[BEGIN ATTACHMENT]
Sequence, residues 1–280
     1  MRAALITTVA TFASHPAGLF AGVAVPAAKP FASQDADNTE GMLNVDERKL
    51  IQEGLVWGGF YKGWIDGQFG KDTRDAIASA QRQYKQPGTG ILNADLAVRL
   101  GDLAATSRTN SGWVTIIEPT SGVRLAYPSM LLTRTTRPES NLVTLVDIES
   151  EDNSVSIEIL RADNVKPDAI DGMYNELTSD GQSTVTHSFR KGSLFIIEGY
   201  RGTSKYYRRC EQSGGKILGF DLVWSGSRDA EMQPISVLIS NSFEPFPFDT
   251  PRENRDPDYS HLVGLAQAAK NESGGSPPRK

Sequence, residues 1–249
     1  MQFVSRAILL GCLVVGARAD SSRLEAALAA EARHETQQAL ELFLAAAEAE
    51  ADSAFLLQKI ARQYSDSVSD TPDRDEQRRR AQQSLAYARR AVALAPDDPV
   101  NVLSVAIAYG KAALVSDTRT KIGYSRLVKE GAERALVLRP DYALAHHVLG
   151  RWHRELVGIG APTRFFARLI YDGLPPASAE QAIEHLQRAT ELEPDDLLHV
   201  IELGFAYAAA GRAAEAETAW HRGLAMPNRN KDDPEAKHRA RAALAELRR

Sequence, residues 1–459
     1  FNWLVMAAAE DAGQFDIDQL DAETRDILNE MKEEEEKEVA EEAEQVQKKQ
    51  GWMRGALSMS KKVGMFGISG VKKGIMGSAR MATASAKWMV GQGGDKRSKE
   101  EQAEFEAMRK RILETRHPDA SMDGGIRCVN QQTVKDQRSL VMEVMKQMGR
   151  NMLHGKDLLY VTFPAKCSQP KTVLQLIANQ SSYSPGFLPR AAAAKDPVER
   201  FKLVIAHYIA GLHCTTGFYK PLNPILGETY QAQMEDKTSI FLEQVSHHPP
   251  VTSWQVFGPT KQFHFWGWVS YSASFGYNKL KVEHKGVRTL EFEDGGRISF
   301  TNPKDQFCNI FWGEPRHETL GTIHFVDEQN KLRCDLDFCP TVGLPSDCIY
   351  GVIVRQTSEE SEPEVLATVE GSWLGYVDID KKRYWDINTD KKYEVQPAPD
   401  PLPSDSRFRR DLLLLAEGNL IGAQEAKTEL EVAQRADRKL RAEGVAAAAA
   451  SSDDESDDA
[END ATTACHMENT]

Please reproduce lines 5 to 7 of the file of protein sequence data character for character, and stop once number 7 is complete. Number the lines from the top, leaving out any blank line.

   151  EDNSVSIEIL RADNVKPDAI DGMYNELTSD GQSTVTHSFR KGSLFIIEGY
   201  RGTSKYYRRC EQSGGKILGF DLVWSGSRDA EMQPISVLIS NSFEPFPFDT
   251  PRENRDPDYS HLVGLAQAAK NESGGSPPRK